Allison is writing this in 1969! And here we are, almost 50 years later, still consumed by a theology of formal economic models, still convinced that Fed decision-making can be explained or predicted by our armchair analysis of Taylor Rule inputs. From an anthropological perspective, it’s pretty impressive how the high priests of academic economics have expanded their rule. From a human perspective, it’s awfully depressing.

What follows is my analysis of the Fed’s forthcoming decision on interest rates from a bureaucratic and an internal politics perspective. Seen through these lenses, I think they hike. Maybe I’m wrong. These things are always probabilistic shades of gray, never black and white. But what I’m certain about is that the bureaucratic and internal politics perspectives give a different, higher probability of hiking than the rational expectations/modeling perspective. So heads up.

First the bureaucratic perspective.


What I’m calling the bureaucratic perspective, Allison calls the “Organizational Behavior” perspective. His phrase is better. It’s better because entities like the Federal Reserve are, of course, large bureaucracies, but what we’re trying to analyze here is not the level of do-nothing inertia that we usually associate with the word “bureaucracy”. What we’re trying to analyze is the spirit or culture of the organization in question. What is the institutional memory of the Fed? What do personnel, not just the Fed governors but also the rank-and-file staffers, believe is the proper role of the institution? Most importantly, how do these personnel seek to protect their organization and grow its influence within the jungle of other organizations seeking to grow their influence?

The spirit, culture, and personnel composition of the modern Federal Reserve is almost identical to that of a large research university. That’s not a novel observation on my part, but a 30-year evolution commonly noted by Fed watchers. Why is this important? It’s important because it means that the current marriage between Fed and markets is a marriage of convenience. As an organization, the Fed doesn’t really care whether or not markets go up or down, and as an institution it’s not motivated by making money (or whether or not anyone else makes money). Like all research universities, the Fed at the organizational level is motivated almost entirely by reputation. Not results. Reputation. A choice between “markets up but reputation fraying” and “markets down but reputation preserved” is no choice at all. The Fed will choose the latter 100% of the time. I can’t emphasize this point strongly enough. From a bureaucratic perspective, the Fed absolutely Does. Not. Care. whether or not the market goes up, down, or sideways. When they talk about “risk” associated with their policy choices, they mean risk to their institutional reputation, not risk to financial asset prices. And today, after more than two years of a “tightening bias” and “data dependency”, there’s more reputational risk associated with staying pat than with raising rates in a one-and-done manner.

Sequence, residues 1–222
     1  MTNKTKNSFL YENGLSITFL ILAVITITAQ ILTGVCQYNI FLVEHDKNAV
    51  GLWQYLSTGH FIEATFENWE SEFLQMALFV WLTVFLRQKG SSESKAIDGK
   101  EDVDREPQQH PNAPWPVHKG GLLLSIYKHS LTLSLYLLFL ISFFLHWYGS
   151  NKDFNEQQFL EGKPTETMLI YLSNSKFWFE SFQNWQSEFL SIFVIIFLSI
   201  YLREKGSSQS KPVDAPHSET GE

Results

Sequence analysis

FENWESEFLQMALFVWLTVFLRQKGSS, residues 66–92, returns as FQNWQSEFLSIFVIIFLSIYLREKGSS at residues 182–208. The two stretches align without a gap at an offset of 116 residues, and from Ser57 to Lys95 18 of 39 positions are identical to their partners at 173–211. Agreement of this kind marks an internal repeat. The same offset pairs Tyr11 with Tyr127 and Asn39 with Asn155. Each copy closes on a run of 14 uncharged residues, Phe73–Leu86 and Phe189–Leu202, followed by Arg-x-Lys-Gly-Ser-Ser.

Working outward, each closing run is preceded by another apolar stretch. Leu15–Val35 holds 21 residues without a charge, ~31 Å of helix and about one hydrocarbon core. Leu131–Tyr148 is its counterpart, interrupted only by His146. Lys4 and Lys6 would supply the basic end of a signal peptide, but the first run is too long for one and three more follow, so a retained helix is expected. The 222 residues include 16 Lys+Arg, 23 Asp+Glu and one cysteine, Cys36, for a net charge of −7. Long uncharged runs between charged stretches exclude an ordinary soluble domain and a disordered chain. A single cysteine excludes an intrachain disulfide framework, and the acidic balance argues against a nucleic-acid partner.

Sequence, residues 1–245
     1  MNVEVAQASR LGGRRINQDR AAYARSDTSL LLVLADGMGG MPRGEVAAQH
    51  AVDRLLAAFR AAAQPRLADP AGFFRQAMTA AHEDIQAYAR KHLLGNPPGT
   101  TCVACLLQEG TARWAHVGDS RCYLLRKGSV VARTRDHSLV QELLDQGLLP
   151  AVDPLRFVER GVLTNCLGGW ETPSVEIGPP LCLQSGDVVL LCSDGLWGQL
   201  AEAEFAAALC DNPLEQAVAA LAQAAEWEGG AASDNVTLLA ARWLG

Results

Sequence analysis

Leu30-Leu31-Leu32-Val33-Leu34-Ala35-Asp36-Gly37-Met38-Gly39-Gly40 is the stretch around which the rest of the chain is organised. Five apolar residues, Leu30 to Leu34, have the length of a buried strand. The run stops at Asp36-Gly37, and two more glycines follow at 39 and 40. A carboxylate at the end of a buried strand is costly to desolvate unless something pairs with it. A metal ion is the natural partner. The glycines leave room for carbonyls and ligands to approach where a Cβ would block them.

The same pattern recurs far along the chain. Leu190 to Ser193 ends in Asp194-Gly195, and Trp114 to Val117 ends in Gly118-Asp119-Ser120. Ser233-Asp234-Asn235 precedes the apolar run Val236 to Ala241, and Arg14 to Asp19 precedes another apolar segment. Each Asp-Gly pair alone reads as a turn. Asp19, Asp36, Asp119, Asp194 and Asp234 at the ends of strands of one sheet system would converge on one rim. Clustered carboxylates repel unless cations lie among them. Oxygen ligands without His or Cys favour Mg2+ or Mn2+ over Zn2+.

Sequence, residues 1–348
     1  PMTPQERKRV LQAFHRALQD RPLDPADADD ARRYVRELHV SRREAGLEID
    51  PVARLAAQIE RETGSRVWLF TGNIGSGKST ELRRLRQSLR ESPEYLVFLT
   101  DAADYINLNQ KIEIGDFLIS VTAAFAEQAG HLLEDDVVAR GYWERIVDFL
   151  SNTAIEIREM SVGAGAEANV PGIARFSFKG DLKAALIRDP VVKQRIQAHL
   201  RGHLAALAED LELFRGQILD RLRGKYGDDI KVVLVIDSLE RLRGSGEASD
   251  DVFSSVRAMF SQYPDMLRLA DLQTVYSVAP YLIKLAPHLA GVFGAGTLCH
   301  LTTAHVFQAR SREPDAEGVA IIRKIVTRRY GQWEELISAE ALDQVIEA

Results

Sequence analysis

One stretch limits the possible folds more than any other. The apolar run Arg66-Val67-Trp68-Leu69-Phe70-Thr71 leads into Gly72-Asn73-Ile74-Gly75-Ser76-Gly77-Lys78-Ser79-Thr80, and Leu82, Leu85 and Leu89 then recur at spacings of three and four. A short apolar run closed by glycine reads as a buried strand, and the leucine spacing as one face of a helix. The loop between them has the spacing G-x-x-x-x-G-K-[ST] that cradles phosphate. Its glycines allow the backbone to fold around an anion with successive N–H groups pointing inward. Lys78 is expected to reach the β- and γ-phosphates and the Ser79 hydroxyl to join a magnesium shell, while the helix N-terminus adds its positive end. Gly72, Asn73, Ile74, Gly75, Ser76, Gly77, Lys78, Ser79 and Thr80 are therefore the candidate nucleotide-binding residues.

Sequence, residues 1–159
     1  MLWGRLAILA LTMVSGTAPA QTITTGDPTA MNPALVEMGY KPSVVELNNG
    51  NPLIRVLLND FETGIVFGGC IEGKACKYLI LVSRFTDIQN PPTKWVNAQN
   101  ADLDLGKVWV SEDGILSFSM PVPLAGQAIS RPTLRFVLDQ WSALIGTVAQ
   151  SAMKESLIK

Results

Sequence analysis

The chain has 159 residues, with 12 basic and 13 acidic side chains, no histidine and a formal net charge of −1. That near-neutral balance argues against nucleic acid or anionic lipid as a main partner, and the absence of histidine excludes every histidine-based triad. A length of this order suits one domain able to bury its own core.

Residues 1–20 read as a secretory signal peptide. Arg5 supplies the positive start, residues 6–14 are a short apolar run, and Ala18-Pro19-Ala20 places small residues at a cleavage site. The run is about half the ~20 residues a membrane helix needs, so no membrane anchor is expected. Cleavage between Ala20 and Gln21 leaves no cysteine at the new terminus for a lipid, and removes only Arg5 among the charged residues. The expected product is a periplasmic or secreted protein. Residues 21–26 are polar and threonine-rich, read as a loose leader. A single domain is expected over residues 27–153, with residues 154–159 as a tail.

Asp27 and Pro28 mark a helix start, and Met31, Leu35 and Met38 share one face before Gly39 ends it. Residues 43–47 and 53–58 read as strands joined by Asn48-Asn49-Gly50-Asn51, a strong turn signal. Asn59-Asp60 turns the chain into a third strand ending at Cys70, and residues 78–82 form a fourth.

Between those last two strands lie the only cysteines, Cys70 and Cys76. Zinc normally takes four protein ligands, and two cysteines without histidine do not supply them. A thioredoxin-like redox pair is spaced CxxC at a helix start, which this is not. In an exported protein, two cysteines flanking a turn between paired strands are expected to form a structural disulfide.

Why? Because the public Narrative around extraordinary monetary policy and quantitative easing has steadily become more and more negative over the past three years, and the public Narrative around negative rates in particular is now overwhelmingly in opposition. When I did my Narrative analysis of financial press sentiment surrounding Brexit prior to that vote, I always thought that would be the most hated thing I’d ever see. Nope. I’ll append the Quid maps and analysis at the end of this note for those who are interested in digging in, but here’s the skinny: the negative sentiment around negative rates is now greater than the negative sentiment around Brexit. The public Narrative around ever more accommodative monetary policy has completely turned against the Fed. And they know it.